Women’s Leadership Network Toasts 5th Anniversary, Endows Scholarship Program
The Women’s Leadership Network (WLN) had much to celebrate at its five-year anniversary gathering. Besides mixing and mingling in person, attendees heard inspiring words from alumnae who are advocates for reproductive and LGBTQ rights, and Brooklyn Law School students who expressed appreciation for the scholarships WLN provides.
The WLN is led by the Women’s Leadership Circle, a group of 36 alumnae who oversee and guide the activities of the larger WLN, which has expanded its influence and size since launching in 2017—a feat the Law School’s leadership has noted.
A key update at the anniversary celebration, which took place in the Forchelli Conference Center, came from Debbie Epstein Henry ’94, chair of the Women’s Leadership Circle, who said the WLN scholarship program, which already had raised $115,000, plans to support students even more.
“What I’m excited to announce tonight, is given the excitement and the success of the scholarship over the last five years, we at the Women’s Leadership Circle have voted to endow the scholarship, and that will now ensure that we have scholarship recipients every year,” said Henry, who added that the goal is to raise another $100,000 for the endowed scholarship. “This is about paying it forward. This is about creating opportunities for women and making a huge impact as we continue to grow as an organization, as a school and as a community.”
Dean Michael T. Cahill, in opening the event, described WLN as “one of the central groups tying our alumni and our students together,” and prompted applause after noting that women students comprise 60 percent of the Law School’s latest incoming class.
“So, the students that we have now will be literally changing the face of the legal profession in the future and we are deeply appreciative to the alumnae who are going to help them grow and flourish as lawyers in the profession,” Cahill said, adding that Henry is chief among them.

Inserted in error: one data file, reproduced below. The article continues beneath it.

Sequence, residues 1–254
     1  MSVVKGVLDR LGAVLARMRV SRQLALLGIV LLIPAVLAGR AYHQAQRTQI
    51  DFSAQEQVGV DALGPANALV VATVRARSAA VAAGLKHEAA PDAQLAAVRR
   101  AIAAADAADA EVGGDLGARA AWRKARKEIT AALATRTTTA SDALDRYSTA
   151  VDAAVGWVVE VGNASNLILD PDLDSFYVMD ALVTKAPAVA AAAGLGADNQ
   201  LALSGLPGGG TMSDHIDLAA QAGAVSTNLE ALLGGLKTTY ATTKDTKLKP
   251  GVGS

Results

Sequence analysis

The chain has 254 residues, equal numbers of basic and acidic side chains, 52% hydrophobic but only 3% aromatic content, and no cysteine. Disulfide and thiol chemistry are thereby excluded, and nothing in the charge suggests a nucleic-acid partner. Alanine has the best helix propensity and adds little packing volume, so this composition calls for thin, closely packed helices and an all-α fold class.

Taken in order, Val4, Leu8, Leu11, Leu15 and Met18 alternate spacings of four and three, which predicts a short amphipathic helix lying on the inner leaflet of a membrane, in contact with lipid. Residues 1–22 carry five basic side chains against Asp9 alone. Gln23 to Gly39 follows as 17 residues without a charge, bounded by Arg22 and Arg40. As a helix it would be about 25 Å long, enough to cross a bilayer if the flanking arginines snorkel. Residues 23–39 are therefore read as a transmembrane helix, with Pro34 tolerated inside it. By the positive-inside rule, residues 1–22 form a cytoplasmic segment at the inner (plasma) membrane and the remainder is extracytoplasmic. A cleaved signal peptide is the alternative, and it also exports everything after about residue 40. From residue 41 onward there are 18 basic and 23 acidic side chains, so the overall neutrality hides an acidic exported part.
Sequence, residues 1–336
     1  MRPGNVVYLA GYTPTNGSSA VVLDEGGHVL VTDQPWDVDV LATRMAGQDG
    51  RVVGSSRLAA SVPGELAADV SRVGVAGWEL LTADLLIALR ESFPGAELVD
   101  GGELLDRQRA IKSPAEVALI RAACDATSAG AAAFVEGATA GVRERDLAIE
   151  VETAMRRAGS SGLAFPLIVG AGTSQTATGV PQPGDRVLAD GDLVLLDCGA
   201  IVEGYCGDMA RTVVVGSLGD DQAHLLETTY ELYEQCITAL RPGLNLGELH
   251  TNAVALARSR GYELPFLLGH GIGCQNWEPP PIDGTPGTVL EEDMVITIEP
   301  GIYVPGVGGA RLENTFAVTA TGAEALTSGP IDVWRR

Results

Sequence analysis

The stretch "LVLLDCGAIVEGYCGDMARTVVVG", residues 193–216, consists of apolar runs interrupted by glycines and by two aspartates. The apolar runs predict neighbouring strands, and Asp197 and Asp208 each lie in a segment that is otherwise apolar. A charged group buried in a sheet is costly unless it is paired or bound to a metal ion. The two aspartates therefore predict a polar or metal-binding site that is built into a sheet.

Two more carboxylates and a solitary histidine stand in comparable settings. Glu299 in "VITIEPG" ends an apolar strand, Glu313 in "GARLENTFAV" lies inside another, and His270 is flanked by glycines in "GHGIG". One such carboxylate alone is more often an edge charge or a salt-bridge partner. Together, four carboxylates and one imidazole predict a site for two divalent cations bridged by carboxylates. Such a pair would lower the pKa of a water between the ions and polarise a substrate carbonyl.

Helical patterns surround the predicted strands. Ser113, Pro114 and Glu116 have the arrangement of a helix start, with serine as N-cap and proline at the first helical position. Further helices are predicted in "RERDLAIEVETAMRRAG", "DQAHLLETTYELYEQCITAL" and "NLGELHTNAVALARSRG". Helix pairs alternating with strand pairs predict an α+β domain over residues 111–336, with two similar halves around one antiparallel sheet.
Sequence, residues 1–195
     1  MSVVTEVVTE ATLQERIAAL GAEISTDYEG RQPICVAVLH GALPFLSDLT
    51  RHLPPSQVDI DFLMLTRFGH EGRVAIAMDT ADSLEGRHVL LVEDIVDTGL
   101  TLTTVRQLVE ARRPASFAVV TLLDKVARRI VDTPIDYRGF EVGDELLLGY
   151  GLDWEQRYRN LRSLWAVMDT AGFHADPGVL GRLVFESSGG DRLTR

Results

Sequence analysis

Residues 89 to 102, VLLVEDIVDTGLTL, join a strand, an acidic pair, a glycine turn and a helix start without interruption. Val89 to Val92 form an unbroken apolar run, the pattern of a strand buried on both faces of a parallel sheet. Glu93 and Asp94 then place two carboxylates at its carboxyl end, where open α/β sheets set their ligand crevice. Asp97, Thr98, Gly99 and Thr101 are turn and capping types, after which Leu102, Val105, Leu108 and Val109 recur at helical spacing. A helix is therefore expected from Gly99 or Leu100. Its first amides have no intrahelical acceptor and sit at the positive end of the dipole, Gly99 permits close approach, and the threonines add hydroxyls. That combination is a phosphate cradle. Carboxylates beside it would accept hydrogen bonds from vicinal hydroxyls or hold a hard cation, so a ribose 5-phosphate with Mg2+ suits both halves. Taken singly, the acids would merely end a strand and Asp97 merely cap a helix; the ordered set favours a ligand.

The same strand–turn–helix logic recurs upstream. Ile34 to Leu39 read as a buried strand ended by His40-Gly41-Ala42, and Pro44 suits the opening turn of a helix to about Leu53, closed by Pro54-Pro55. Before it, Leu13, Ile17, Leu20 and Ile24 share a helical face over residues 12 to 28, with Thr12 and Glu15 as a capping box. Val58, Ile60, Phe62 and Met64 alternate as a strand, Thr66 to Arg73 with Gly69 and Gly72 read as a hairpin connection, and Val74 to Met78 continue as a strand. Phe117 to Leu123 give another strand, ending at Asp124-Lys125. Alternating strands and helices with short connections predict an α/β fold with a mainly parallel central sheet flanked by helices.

“What we do at the Women’s Leadership Network is everything we can to influence and impact alumnae and women law students,” Henry said, outlining four key activities, including: programming (Nov. 2nd anniversary was its 10th event), networking; mentoring, including six mentoring circles; and philanthropy, providing student scholarships.
The programming for the evening, Empowerment through Advocacy, Obstacles and Opportunities for Impact, was moderated by Sonya Smith-Valentine ’97, CEO of Financially Fierce, and a member of the Women’s Leadership Circle. Panelists were Julie F. Kay ’95, women’s rights attorney, activist and author and Carol Buell ’80, principal of Carol L. Buell Law & Mediation and cofounder of the LGBTQI Family Law Professionals of New York.
In discussing advocacy and obstacles in their work, Kay and Buell both pointed to the recent Supreme Court decision in Dobbs v. Jackson Women’s Health, which upended Roe v Wade. Kay, who co-authored the book, Controlling Women: What We Must Do Now to Save Reproductive Freedom, said one way to move forward is to reframe the discussion as a human rights issue as well as a women’s health issue.
“The abortion issue itself is often described as a religious debate, or a philosophical question about when life begins,” Kay said. “Those are pieces of it but for so many of us, it really is about the fundamental human right and deciding when and with whom to parent…As we’re working towards reproductive rights, reproductive freedoms, we need to bear in mind the horrific maternal mortality rates in this country. Particularly for women of color and for black women in New York City, we are not much better off than rest of the country.”